What To Do?

First, we should try to treat bodies as ordinary, normal, regardless of their actual shape, age or sex.  We all have one!  A naked body is no different from a clothed one.  No need to stare, to ridicule, or even to admire (though this is harder to ignore – such a beautiful sight)

Second, we should try to encourage nakedness in society.  It breaks down barriers.  Allow people to experiment with nakedness, become more comfortable with it.  Evidence suggests people become more confident about their own body and enjoy the activity more when they are naked!  Encourage naked exercise sessions, swimming, yoga, art gallery, theatre, whatever, at least in closed sessions.   

Third, remove naked actions (eg streakers, stripping) from being legal offences.  Take the shock element out of it and it will vanish! 

How much better that we have too much nakedness, too much of our own bodies, and much less war, guns and violence.  Make love, not war.

The BENEFITS of Coronavirus!

While we’re all bemoaning the impact of coronavirus on our personal worlds, crises like these often change some aspects of our behaviour positively, permanently. Since the Esso Longford Bass Strait gas explosion in 1998 stopped our gas supply for several months and we had no hot water or stove, we switched to washing clothes in cold water…and never changed back. Unpredicted stock market crashes in 1987 and 2001 (repeated in 2008 and now 2020) led me to use professional investment advice, despite my own financial background. I proved to myself that someone else made better decisions than I had…and I became more conservative as well.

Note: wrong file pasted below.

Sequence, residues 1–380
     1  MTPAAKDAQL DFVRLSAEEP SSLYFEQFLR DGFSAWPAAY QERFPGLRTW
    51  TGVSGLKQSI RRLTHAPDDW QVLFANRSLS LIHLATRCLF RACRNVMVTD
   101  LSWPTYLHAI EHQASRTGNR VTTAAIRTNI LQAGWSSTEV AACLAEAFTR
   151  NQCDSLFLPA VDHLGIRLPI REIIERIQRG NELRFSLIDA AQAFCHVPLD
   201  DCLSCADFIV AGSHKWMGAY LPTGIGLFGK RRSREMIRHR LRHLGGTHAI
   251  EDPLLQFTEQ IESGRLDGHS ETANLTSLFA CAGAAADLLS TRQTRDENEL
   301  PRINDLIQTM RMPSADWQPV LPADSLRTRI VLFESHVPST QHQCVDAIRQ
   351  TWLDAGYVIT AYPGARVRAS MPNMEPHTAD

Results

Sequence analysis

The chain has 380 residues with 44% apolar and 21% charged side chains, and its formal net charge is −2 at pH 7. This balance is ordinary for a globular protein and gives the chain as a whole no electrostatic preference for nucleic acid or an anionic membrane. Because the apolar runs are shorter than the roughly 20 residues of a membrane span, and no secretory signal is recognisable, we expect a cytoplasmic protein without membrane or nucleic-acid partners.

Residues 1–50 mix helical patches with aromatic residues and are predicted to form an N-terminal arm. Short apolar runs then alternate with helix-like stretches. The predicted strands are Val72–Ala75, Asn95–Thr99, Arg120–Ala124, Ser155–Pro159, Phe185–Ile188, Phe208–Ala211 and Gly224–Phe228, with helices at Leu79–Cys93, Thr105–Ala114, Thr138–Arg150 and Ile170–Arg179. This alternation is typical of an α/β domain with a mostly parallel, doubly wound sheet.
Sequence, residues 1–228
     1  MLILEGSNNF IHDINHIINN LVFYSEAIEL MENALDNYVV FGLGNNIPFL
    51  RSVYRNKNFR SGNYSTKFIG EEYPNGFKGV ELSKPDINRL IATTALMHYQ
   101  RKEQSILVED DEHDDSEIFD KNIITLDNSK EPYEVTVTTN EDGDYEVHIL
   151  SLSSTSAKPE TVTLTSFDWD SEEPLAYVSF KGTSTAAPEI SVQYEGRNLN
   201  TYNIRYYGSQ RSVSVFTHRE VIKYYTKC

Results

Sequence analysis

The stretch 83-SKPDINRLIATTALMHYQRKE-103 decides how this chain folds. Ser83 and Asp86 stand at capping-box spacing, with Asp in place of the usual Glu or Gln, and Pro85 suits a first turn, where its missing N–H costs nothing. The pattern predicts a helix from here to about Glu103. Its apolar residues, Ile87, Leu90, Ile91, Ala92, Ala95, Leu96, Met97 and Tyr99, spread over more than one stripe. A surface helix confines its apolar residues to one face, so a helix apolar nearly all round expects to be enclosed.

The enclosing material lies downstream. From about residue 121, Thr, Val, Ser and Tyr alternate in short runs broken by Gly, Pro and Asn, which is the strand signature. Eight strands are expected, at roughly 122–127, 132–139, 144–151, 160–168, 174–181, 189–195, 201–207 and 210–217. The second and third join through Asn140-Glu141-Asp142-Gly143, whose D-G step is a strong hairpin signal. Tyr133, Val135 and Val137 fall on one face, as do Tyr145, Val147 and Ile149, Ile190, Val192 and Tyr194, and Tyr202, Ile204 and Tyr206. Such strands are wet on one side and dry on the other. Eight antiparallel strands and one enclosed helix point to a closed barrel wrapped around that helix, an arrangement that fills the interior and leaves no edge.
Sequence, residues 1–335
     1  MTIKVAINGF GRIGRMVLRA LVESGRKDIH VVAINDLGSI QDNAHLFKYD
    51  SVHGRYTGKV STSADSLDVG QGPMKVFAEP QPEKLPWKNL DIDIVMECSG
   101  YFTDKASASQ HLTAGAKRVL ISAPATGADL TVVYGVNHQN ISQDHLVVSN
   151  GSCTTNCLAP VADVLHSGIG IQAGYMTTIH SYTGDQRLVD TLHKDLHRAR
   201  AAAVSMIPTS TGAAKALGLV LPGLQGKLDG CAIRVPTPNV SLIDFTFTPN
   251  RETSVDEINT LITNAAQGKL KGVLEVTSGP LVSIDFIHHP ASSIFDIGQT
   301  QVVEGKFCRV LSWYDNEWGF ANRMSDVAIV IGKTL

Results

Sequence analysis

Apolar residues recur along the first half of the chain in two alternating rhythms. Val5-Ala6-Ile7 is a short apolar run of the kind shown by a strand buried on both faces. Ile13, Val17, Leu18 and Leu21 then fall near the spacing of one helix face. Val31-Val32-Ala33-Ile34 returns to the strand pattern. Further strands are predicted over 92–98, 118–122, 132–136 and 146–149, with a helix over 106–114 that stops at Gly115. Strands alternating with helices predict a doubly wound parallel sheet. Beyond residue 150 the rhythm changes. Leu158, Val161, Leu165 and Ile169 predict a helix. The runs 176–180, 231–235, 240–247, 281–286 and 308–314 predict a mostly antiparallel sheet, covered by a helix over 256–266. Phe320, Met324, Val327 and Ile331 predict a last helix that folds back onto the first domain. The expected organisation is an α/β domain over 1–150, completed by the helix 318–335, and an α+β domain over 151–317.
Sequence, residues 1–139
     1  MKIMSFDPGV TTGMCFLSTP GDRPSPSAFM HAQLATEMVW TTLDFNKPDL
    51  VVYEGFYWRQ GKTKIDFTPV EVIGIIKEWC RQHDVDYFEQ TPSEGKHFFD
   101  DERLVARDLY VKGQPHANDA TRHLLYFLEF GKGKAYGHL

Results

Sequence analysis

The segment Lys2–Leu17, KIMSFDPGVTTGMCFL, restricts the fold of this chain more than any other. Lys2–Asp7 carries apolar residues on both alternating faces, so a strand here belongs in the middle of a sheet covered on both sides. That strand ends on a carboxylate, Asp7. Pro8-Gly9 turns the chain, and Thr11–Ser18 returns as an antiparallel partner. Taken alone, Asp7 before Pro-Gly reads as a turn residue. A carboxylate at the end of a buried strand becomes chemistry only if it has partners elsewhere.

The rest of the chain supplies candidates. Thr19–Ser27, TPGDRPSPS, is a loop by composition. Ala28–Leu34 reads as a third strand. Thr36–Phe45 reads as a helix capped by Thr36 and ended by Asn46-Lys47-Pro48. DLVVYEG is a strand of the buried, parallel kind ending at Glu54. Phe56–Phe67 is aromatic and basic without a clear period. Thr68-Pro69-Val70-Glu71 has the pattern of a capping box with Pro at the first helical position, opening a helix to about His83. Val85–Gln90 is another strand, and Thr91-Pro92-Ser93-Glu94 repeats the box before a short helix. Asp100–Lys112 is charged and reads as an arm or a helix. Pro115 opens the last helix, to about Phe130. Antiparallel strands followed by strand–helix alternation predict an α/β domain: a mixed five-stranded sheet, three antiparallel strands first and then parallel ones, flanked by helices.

So what unexpected positive changes will the coronavirus epidemic bring, as it bears down so rapidly upon us?Read More »

Penises, Vulvas/Vaginas and Breasts: Let’s Talk about Them!

At fringe festivals in Adelaide and Minneapolis over the last three years, I’ve seen entertaining and educational shows on these taboo topics.  Yet, mentioning this to friends brings nervous laughter, uncomfortable reactions and a desire to avoid discussing the topics.  These normal, small, but important parts of our bodies – we all have them – just can’t be discussed normally…and we are the poorer for it.  Let’s talk about them.Read More »

Affairs: What do they mean for a marriage?

Publically, we all believe affairs are bad for a marriage…until we have one ourselves it seems….  An insightful book I’ve just read (Esther Perel, ‘The State of Affairs’) casts new light on the varied meanings and impacts of affairs on marriages (or long term ‘relationships’) and gives a very different perspective on how marriage is and should evolve to account for this common critical event, based on her professional practice.Read More »

GETTING QUALIFIED FOR LIFE: LICENSING MARRIAGE, SEX AND RAISING CHILDREN

I’m a member of an organisation which owns a chainsaw.  But, to operate it, a person needs to do a two day course and get a licence, which has to be renewed through training every six months.  It got me wondering:  why do you need a licence to operate a chainsaw when you don’t need a licence to operate a marriage, to be competent at sex or to raise children? (These are linked, but not necessarily in this order.)  Surely these are much more important issues for individuals and for operating a society than operating a chainsaw?Read More »